Guitar Hero 5 (PS3, 360, Wii, PS2)
Developer: Neversoft (PS3/360), Vicarious Visions (Wii), Budcat Creations (PS2)
To be released: September 1, 2009
Full-band games are loads of fun, but setting everything up can definitely be a hassle -- especially if your party patrons don’t feel like joining in on a particular instrument. Guitar Hero 5 has finally done away with complications like signing into profiles and drawing straws for instruments by introducing Party Play, which allows you to play with whatever configuration of musicians you want. If nobody feels like singing, and you happen to have four plastic guitars lying around, four of you can play guitar on one song -- and each person can choose their own difficulty level.
You can even change instruments and difficulty levels on the fly -- that is, during a song. So if you’re bored by the Hard guitar part, you can switch over to Expert bass while your buddies continue rocking out; your note highway alone will be paused, and it will start up again (after a few bars of rest) after you’ve chosen your new settings. It’s a pretty nifty solution to the issue of the whiny friend who always complains about being stuck with a plodding bass line. In fact, someone can even join or leave your game in the middle of a song. Simply put, Party Play alleviates all the headaches previously associated with playing full-band games. Now there’s nothing standing in the way of rocking with your family and friends.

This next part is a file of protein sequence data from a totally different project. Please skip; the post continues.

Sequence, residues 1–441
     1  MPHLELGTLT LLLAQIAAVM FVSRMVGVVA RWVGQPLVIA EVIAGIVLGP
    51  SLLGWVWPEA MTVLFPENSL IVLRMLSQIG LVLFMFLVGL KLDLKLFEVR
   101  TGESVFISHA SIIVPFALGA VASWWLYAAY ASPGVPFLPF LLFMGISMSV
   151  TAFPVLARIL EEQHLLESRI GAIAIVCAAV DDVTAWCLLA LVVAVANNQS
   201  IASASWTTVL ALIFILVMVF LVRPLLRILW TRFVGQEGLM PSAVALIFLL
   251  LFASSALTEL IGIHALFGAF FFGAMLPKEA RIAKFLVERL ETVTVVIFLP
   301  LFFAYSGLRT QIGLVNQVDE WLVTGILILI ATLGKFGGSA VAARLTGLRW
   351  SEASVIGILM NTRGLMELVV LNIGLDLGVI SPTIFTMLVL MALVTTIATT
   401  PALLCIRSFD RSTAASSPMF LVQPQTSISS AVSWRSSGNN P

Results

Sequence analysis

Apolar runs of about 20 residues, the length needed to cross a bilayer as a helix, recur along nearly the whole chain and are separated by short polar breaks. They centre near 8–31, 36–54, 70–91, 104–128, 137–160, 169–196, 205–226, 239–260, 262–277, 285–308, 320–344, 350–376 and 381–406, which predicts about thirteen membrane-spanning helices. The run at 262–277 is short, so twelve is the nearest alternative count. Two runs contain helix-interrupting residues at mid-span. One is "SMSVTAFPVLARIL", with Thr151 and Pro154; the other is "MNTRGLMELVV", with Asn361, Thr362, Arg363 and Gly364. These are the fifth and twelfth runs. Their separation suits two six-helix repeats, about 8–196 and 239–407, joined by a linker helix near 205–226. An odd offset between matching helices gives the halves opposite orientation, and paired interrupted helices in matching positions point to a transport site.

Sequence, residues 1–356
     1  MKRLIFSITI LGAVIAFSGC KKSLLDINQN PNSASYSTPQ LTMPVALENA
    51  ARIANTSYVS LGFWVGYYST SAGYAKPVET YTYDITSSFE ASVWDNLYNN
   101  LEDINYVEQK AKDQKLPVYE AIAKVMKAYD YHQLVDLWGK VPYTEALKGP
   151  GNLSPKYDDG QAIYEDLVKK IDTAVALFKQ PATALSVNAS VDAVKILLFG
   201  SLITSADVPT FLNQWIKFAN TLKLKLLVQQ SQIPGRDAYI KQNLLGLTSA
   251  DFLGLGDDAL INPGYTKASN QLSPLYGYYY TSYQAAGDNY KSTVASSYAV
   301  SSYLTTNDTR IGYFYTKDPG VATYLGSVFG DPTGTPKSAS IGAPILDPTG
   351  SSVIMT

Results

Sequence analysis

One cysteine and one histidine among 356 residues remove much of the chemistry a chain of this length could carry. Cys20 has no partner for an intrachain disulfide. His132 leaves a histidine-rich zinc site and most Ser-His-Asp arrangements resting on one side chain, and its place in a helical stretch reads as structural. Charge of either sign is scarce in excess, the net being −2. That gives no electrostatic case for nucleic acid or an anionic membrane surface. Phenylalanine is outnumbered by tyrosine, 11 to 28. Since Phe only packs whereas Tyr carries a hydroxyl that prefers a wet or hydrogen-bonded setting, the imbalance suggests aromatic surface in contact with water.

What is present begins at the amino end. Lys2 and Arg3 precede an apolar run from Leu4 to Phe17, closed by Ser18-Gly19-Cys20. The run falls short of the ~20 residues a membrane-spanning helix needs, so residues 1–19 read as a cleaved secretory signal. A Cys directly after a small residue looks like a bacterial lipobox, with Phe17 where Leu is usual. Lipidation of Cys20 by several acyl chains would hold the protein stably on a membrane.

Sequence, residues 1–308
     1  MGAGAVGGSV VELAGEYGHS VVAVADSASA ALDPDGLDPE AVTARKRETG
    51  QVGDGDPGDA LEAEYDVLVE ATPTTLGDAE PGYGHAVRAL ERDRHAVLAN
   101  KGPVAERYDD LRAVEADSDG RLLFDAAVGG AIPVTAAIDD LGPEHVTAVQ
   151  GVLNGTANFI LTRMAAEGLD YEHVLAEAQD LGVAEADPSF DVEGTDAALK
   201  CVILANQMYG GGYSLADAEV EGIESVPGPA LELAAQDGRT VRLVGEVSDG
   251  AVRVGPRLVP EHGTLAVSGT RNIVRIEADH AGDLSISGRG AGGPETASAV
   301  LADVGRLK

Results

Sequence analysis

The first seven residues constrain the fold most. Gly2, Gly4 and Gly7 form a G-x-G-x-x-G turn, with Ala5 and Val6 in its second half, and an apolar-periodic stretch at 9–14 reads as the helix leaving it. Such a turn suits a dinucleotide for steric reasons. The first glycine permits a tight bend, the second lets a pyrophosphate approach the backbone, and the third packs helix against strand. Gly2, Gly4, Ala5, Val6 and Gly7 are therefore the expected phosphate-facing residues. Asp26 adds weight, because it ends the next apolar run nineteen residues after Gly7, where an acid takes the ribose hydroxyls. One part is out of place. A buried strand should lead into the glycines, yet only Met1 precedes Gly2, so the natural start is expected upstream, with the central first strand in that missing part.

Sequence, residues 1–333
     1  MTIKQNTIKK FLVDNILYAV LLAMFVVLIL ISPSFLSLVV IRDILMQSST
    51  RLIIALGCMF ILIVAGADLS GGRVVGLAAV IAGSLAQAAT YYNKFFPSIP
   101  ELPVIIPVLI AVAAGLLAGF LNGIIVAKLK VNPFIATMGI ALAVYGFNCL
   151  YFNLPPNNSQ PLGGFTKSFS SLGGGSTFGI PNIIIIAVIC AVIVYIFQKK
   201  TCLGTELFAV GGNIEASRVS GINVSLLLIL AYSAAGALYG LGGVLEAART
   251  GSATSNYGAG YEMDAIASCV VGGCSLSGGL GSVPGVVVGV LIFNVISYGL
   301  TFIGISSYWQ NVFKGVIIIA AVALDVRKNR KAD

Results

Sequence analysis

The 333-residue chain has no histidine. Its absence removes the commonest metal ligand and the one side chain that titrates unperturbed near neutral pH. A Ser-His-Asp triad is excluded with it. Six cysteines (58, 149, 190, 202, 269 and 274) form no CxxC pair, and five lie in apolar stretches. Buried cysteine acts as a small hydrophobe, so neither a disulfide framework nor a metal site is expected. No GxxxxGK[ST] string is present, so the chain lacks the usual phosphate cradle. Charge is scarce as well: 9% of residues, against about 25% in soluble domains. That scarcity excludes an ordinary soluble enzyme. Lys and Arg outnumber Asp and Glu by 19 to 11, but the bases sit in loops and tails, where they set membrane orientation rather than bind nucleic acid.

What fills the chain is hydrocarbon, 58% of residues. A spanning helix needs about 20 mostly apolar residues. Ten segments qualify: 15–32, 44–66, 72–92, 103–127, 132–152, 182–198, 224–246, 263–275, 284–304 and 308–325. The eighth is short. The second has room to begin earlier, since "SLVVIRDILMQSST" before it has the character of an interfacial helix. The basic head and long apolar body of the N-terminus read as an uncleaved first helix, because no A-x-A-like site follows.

While Party Play makes life easy for everyone, especially less-tech-savvy players, RockFest is a new addition for the more hardcore, ScoreHero-reading crowd. RockFest introduces a slate of modes that will keep skilled Guitar Hero players enthralled for months to come. “Streakers” hands out points for -- you guessed it -- long streaks of notes. In “Momentum,” you’ll start out on Medium difficulty; hitting 20 straight notes will ratchet up the difficulty and your score, but missing three notes in a row will drop you down a step. Another option is “Perfectionist,” in which players are ranked by the percentage of notes they hit in each section of a song.
Guitar Hero 5 also offers song-specific Challenges, which provide a significant amount of depth and replayability in addition to, uh, challenge. You can read more about the Challenges here.
Of course, the 85-song soundtrack itself is the game’s major selling point. It features a number of songs and artists I’ve always wanted to see in a music game, like Dire Straits’ “Sultans of Swing” and Stevie Wonder’s “Superstition.” I sat down and played through all 14 minutes of the live version of Peter Frampton’s “Do You Feel Like We Do?” with 1UP.com’s Garnett Lee, and we had a fantastic time just jamming (we both played guitar).
Neversoft has also made many much-needed tweaks to the visuals and basic gameplay, taking after Harmonix and Rock Band. No longer do all four players share one Star Power meter; each person now has their own gauge. And unlike in World Tour, one player failing a song doesn’t mean that all is lost, since fellow band members can be “saved” this time around (see screenshot above). In GH 5, you’ll notice that some notes are on fire; these are part of the all-new “band moments” in multiplayer -- if the band members hit the fiery notes in unison, an extra score multiplier will take effect.
Sure, a lot of this might smack of “me-too” changes if you’re familiar with Rock Band 2. But I suspect that for many gamers, the allure of the specific songs in Guitar Hero 5 will be too strong. If you’re drawn in, the game’s September 1st release is only a few short weeks away.